On Monday, August 31, 2009, the Public Records Act Exemptions Accountability Committee (less formally known as the "Sunshine Committee") will consider my recommendation to eliminate the state legislature's exemption from one of our state's two open government laws. The provision keeps private documents at the state legislature that would be and are available to the public at any other level of government in our state. A little background is helpful.
The state legislature has exempted itself from both of the state's open government laws. As enacted by initiative in 1972, the Public Records Act applied to the state legislature. In 1995, the legislature amended the definition of "public record" to limit the scope of records available to the public from the state legislature. As an aside, the state legislature also is exempt from the Open Public Meetings Act. This means that if the Gold Bar City Council wants to spend $100 on park benches, all of the discussions and the decisions must occur in public. If, however, the state legislature needs to cut $1,000,000 fro the state parks budget, that discussion can be held and the decision made in a closed caucus room. All the public ever sees is the final vote, confirming the decision.
I have no say over the Open Public Meetings Act, but in my role as a member of the Sunshine Committee, I proposed eliminating the legislature's Public Records Act exemption two years ago. In October 2007, I received a letter from the four leaders of the state legislature, asking me to delay action until the State Supreme Court addressed the legislative privilege issue and to allow all four legislative members of the Sunshine Committee to be present for the vote of the Sunshine committee. I agreed. The State Supreme Court decided not to address the legislative privilege. In March of this year, I re-introduced my recommendation to eliminate the legislative exemption, giving fair warning that the Sunshine Committee would be considering the recommendation this year.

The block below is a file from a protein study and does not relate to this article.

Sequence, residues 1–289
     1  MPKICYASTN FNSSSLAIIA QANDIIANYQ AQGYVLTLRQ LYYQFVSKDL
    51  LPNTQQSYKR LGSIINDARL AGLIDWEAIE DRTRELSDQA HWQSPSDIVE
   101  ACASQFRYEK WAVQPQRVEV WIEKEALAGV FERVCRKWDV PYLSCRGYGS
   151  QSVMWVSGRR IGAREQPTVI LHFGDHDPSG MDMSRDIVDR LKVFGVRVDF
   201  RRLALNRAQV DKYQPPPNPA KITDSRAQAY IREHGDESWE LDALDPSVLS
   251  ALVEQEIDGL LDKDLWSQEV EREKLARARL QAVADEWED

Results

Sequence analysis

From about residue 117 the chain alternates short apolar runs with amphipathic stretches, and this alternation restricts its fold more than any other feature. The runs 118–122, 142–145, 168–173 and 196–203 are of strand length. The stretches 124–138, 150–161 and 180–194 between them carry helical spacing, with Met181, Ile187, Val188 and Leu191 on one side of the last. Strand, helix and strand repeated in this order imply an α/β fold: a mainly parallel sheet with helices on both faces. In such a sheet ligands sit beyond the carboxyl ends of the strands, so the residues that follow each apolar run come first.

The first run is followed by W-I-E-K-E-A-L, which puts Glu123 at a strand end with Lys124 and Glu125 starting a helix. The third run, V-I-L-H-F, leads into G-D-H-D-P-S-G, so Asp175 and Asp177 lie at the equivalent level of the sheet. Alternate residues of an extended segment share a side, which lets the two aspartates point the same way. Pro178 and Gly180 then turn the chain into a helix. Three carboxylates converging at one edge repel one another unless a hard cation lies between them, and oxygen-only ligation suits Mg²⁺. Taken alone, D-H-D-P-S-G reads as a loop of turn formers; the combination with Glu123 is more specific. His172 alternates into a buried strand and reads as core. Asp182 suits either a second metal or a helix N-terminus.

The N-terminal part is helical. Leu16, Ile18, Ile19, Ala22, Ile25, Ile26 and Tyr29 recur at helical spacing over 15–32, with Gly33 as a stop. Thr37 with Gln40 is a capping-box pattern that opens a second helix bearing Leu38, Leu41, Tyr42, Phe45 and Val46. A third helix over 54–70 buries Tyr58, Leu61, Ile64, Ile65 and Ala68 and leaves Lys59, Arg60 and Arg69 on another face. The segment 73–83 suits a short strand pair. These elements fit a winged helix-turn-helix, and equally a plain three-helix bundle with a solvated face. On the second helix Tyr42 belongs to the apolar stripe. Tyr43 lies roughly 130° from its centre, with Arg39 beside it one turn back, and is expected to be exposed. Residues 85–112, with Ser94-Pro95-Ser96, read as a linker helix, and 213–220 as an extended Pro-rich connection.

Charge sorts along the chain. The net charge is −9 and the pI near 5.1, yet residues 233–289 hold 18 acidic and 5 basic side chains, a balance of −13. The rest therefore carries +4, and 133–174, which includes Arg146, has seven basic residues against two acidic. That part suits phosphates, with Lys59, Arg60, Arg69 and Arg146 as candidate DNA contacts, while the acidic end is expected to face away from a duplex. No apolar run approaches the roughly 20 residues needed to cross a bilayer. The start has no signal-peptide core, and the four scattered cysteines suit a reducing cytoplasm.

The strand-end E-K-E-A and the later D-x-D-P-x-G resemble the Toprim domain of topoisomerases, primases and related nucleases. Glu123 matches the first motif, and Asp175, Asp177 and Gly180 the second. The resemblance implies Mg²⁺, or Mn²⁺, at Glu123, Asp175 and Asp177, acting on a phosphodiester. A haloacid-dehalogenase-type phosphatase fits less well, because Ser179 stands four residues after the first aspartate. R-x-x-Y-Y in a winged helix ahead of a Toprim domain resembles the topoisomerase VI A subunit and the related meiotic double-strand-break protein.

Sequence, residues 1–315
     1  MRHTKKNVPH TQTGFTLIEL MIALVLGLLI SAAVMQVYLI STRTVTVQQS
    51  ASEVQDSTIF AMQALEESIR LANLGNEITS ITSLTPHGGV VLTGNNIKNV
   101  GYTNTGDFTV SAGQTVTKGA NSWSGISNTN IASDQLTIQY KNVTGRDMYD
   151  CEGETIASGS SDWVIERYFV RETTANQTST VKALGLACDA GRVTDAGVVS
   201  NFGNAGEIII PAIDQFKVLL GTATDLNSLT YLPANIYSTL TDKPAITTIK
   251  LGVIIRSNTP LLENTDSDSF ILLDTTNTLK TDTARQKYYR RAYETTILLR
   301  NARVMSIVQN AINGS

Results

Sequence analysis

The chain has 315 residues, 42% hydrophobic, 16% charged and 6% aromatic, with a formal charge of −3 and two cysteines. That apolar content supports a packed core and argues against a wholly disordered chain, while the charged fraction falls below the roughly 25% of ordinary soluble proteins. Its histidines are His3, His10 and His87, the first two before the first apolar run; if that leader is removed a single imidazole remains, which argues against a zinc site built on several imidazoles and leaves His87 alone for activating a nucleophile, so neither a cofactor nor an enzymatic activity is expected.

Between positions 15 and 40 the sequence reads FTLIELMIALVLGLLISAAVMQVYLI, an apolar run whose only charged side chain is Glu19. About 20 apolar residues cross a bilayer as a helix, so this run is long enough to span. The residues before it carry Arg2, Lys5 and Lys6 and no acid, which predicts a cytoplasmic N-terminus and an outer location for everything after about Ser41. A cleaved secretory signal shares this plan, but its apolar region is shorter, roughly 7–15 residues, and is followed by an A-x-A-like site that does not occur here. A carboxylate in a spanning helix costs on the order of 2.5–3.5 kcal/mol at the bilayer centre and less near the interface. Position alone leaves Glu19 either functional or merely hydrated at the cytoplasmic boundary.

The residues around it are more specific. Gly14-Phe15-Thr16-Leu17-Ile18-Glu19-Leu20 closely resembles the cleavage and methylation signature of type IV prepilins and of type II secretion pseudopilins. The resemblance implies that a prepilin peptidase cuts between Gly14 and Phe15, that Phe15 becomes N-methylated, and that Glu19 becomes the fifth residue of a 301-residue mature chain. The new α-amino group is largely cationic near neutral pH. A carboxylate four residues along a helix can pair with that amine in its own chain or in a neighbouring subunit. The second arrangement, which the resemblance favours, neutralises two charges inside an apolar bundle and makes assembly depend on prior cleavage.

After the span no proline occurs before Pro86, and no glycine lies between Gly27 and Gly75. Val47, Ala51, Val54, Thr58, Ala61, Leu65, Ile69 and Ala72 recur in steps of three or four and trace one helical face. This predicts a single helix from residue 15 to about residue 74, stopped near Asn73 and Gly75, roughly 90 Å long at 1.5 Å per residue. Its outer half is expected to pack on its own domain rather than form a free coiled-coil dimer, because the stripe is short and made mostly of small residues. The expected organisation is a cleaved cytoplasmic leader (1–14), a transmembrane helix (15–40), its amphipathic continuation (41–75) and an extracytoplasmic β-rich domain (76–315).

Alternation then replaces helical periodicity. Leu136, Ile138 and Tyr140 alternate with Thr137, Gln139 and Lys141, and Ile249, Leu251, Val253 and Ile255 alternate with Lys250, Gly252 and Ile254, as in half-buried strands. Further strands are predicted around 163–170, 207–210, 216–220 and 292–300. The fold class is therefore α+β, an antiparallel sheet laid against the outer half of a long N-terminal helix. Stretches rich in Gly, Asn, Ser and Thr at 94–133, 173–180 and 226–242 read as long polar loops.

This does not mean that the exemption will go away after Monday. The Sunshine Committee does not have the power to amend legislation. All we can do is make recommendations to the legislature. Last year we made 12 recommendations: 8 unanimous and 4 by a majority vote. Included was a recommendation to reverse the Hangartner decision (which says that there is an exemption for attorney-client communications).
The legislature adopted none of our recommendations. The legislature did, however, create 7 new exemptions to public disclosure. While the Sunshine Committee, which was chartered by the legislature to review and make recommendations eliminating exemptions to disclosure, the Legislature continues to increase the number of exemptions to public disclosure each year. Of course, that is how we go to over 300 exemptions. Rather than creating broad generic exemptions, the legislature has chosen instead to craft many narrow exemptions. Each one is tailored for a specific purpose. It is difficult to quarrel with any single one when taken individually, yet the net effect is to have a public disclosure system that is cumbersome and difficult to navigate. Like many areas of government, there is no simple fix. At the Sunshine Committee, we have worked hard looking at individual exemptions and making appropriate recommendations. It may, however, take more time and a different approach to convince the Legislature to act on the recommendations they asked us to produce.
Another matter that we will take up Monday is a proposed resolution to have the legislature sunset all of the exemptions to the Public Records Act after two years, re-examine each exemption and limit all new exemptions to two year periods. The resolution would exclude the original 10 exemptions. While a radical approach, we may need something along those lines if we are going to fix the Public Records Act and return it to its original purpose.